Chasing Experiences Before Luxury

Colorado's Eleven Experience is leading the charge in high-end adventure travel.

WORDS Toby Skinner
November / December 2019

Heliskiing above La Thuile in the Italian Alps, an adventure offered by Eleven Experience. / Courtesy of Eleven Experience

Days at Chalet Hibou, a modern Savoyard chalet in the rustic village of Le Miroir deep in the French Alps, can make others seem somewhat gray. One cold sunny morning last winter, our little group heliskied high above La Thuile, on the Italian side of the border, gorging on deep virgin powder bowls and vast empty fields, and then landed on the town’s Astroturf soccer pitch and ambled into the Alpine-postcard Chalet Eden restaurant for cured Aosta Valley cold cuts and mint-and-pecorino ravioli.

After an afternoon skiing cotton-candy tree runs above the sleepy French resort of Sainte-Foy, we drank old-fashioneds in the Hibou hot tub, watching pink jet trails streak silently across the crisp sky. Then came a snowshoe jaunt through the darkness to L’Alpage, an old shepherd’s hut where Beaufort cheese and an exquisite côte de boeuf were waiting in the candlelit space, antlers on the walls, the Grateful Dead on the stereo. That was a good day. It was also “custom-built” by Eleven Experience, the Colorado-born company leading the charge in the fast-growing world of high-end adventure travel, in which a new breed of lodges and tour operators is placing a higher premium on epic wilderness experiences than on thread counts and butler service.

In less than a decade, Eleven Experience has launched 13 locations across four continents, from an old sheep farm in northern Iceland’s remote Troll Peninsula, where guests can surf chilly seas and heliski under the northern lights, to the Eleven Mothership, a live-aboard boat for chasing elusive bonefish and tarpon in the mangroves and sand flats of the Bahamas. In the fall, the company added the stilted Rio Palena fishing lodge, with helicopter rides to seek out Chilean Patagonia’s oversized wild trout, and Cedar Lodge, on New Zealand’s Makarora River, offering some of the world’s best fly-fishing on the country’s wildly beautiful South Island.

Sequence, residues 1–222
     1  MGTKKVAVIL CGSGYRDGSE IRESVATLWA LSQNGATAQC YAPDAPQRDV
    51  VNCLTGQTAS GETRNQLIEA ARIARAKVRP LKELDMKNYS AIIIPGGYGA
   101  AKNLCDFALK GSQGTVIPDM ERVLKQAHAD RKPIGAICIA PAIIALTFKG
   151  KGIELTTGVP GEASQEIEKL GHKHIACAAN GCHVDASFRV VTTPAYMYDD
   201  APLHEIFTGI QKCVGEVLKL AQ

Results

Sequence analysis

The idea began when Blackstone executive Chad Pike, a passionate skier and fisherman, bought an old miner’s saloon in Crested Butte, now a mountain paradise with heli- and cat-ski access to some of the best powder in the Rockies, as well as trout in the nearby Gunnison Valley. In 2011, spying a growing demand for adventure travel, especially from time-strapped fellow finance types, he opened up Crested Butte’s Scarp Ridge Lodge to guests, with mountain days and fishing trips arranged by local guides, whom he rechristened “experience managers.” Wanting to take things to the next level, he leased an entire powder-reliable mountain, Irwin, exclusively for his guests.

He named the company Eleven, after the This Is Spinal Tap idea of turning the volume up to 11, with a goal of giving guests the best day of their lives. As the company has expanded, the core tenets remain skiing and fishing, plus a certain unstuffy hedonism (think Xboxes and bunk beds for the kids). Each property is unique and run by locals, who might serve elk sausage for breakfast in Crested Butte or skyr yogurt in Iceland.

“The top end of travel has definitely changed,” says Jake Jones, Eleven Experience’s managing director. “People are chasing experiences before luxury. We make the food, service and design as good as it can be, but the focus is on the guided activities, always led by locals who are the best at what they do.”

At the 16-guest Chalet Hibou, the newer sister property to the equally gorgeous Chalet Pelerin across the road, the core winter activity is the “ski safari” among the soaring mountains of the Tarentaise Valley, including almost a thousand miles of pistes at seven resorts. Olivier, our guide, seems to know every secret powder stash along the valley. Back at the chalet, the manager, also called Olivier, has a similar knowledge of classic cocktails, and even tailors playlists to the tastes of the group.

“Everything we do is very personalized,” says Jones, whose company encourages buyouts of properties, but can also rent individual rooms. “And we like our staff to be part of the experience, too, rather than silent butlers. We’re trying to create the best day of your life. That should be a blast for everyone.”


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